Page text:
Among the growing list of ailments associated with obesity, it’s hard to think of one more mortifying than urinary incontinence. Fortunately, new research shows losing weight can dramatically reduce the frequency of such troublesome and embarrassing episodes.
The University of San Francisco study gathered a group of 338 middle-aged, overweight and obese women who averaged about two bouts of urinary incontinence a day.Two-thirds of the women embarked on a diet and exercise program, losing an average of 17 pounds after six months. The result: a 47% reduction in the number of incontinence episodes experienced. Of the 13 million Americans afflicted by urinary incontinence 85% are women, who are particularly vulnerable, as both childbirth and menopause can weaken the muscles needed for bladder control. Obesity aggravates the problem by putting extra pressure on the bladder, and possibly even weakening muscles further with spillover fat.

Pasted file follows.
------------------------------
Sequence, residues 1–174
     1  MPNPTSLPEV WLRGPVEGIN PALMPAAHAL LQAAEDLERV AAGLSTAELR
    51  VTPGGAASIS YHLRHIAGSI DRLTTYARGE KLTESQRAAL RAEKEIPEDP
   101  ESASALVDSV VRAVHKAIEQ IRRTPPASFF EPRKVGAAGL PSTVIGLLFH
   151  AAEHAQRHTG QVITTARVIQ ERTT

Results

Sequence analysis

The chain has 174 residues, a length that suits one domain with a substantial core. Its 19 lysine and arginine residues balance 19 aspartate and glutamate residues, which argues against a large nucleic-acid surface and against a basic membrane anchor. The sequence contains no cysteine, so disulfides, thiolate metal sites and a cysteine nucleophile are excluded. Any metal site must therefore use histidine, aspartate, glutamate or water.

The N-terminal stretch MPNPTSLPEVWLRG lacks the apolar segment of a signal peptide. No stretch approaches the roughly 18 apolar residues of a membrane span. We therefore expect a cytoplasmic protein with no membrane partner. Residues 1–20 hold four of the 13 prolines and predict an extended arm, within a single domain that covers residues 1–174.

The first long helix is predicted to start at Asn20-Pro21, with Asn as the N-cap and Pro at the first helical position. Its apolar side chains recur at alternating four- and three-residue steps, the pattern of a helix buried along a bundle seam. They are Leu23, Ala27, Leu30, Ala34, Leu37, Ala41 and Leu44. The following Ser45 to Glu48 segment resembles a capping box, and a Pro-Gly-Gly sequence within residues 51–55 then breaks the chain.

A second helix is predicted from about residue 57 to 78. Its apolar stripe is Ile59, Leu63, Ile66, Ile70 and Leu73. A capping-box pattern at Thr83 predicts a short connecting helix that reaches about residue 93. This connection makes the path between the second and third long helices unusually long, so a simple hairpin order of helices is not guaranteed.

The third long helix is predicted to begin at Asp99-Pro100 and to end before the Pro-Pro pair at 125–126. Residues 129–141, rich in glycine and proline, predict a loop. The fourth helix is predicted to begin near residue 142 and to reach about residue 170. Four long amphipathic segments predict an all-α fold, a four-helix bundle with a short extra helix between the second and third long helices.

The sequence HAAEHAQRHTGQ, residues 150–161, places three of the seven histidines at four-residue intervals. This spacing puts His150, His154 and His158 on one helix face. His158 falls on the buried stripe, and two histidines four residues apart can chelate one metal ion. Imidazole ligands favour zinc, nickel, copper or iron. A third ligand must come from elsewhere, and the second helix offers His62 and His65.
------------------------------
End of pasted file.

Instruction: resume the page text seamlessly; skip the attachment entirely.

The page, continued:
Indeed, the bladder is just one of many organs impacted by obesity — which also undermines the heart, kidneys, brain, pancreas, liver and gallbladder. Previous research suggests that a volumetric approach to weight loss — eating one’s fill of low-calorie, nutrient-dense fruit and vegetables — is the surest and healthiest route to long-term weight loss.
Bonus: For optimum bladder health, eat more cranberries and blueberries, both of which contain compounds which might protect against urinary tract infection by preventing bacteria from adhering to bladder walls.
Published March 1, 2010